That same year, Chiles stole the show in the final segment of “Creepshow 2” (1987), playing a wealthy, adulterous woman terrorized on the highway by the ghost of a hitchhiker she has just killed in a hit-and-run accident. In a role that was essentially a running monologue, she was profane, cynical, unsympathetic, and hilarious. You were never sure who to root for, her or the hitchhiker, because both were monstrous in their own unique way. Chiles’s played the role with gusto and relish and made the most of the opportunity. I remember seeing it with my friends from High School at the Edwards Temple Cinemas in Alhambra, California on a Saturday afternoon and we cheered with laughter and enjoyment during Chiles’s sequence.
In the 1990s, Chiles made welcome appearances in Wim Wenders’s “Until the End of the World,” various television movies, and episodic TV guest appearances (including an excellent “Murder, She Wrote” in 1990 where she reunited with Angela Lansbury), as she matured gracefully and started playing mothers and other authority figures. In 1997, she had a funny cameo in the first “Austin Powers” movie, and was one of the few passengers whose performance was not lost in the cacophony of explosions, tedium, and catastrophe of “Speed 2: Cruise Control.” (The same, unfortunately, could not be said for the game Colleen Camp in the same film. But I’ll save that for my upcoming blog entry about Ms. Camp!)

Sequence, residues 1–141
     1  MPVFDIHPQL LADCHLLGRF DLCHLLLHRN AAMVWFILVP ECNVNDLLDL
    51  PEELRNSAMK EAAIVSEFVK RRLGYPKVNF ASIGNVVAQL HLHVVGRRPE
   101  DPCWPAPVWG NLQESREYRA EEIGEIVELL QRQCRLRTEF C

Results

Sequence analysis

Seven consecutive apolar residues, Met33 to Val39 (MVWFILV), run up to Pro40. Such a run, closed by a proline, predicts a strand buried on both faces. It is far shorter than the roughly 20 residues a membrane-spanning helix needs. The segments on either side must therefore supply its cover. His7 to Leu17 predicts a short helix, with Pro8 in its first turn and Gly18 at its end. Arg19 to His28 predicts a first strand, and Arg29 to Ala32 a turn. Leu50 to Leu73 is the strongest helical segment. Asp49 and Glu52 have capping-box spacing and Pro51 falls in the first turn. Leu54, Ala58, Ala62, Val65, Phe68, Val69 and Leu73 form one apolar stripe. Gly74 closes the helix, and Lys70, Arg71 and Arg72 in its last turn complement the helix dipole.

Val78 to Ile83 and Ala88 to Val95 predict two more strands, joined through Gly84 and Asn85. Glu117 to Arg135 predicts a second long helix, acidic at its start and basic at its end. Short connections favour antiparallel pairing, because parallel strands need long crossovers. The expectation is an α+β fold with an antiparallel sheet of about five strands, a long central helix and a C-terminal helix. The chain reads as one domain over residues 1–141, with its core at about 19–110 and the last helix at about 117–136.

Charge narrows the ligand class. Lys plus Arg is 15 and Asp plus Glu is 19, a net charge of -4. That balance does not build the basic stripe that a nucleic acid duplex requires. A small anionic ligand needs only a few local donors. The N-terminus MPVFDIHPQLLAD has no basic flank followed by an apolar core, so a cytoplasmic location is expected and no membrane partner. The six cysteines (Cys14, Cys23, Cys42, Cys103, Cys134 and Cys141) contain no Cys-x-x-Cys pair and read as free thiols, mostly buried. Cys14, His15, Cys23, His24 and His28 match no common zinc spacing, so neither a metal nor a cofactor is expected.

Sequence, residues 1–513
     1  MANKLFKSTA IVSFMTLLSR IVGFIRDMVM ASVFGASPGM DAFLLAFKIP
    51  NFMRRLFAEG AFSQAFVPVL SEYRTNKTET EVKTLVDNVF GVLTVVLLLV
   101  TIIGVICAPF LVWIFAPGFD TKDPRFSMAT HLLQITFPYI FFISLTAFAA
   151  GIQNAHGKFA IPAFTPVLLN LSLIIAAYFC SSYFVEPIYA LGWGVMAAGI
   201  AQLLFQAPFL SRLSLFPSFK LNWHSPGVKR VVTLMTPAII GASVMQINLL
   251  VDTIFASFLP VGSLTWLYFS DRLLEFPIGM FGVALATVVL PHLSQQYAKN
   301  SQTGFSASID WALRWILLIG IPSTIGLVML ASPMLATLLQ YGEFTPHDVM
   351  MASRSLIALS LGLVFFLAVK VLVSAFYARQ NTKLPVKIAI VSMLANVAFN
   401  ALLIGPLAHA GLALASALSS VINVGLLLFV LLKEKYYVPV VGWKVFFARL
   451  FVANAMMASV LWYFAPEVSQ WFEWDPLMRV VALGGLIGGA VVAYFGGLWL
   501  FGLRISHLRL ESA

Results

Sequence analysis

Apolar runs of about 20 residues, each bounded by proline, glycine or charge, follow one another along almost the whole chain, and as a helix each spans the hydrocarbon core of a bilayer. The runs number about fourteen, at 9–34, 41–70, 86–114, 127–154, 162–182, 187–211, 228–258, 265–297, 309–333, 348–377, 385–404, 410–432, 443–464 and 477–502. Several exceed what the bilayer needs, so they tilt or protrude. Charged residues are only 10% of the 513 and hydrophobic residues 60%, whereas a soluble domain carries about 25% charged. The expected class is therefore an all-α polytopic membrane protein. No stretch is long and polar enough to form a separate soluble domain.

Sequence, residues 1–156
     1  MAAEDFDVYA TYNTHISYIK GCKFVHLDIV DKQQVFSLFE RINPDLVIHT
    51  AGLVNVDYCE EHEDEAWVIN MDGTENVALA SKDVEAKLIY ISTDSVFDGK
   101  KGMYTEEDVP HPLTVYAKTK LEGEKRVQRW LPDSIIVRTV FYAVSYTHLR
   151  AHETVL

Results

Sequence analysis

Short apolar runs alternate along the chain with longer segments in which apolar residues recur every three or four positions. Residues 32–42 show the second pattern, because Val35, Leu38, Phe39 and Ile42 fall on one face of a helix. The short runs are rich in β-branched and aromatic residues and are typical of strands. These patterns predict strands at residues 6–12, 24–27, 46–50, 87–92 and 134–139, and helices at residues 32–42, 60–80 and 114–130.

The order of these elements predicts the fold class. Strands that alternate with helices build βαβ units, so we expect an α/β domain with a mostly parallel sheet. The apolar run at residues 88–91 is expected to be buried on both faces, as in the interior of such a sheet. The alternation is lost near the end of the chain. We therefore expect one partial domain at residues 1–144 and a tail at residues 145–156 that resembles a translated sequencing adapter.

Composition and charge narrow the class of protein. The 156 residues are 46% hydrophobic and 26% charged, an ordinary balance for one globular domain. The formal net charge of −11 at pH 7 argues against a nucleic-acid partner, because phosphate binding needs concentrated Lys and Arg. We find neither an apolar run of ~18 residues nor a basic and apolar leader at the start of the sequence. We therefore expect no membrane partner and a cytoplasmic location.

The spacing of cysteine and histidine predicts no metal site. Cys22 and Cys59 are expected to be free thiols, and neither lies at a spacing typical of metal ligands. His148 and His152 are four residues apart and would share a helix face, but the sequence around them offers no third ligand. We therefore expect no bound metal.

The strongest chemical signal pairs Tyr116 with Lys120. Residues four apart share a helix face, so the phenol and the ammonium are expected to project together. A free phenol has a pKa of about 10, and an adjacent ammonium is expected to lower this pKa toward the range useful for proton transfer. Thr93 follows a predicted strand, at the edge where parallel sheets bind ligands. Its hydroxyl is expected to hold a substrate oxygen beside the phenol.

In recent years, Chiles has taught film acting courses at the University of Houston and married the classy and respected Wall Street financier and philanthropist Richard Gilder. She now serves on the board of advisors for the Yale School of Drama, is actively involved in supporting the arts and other philanthropic endeavors, and will have a theatre named after her at the Northfield Mount Hermon secondary school due to Gilder’s support of the school’s theatre and arts programs. While I hope Lois Chiles can still find time for acting roles, amidst all of this activity, there is no doubt that she continues to brighten the world both on-screen and off.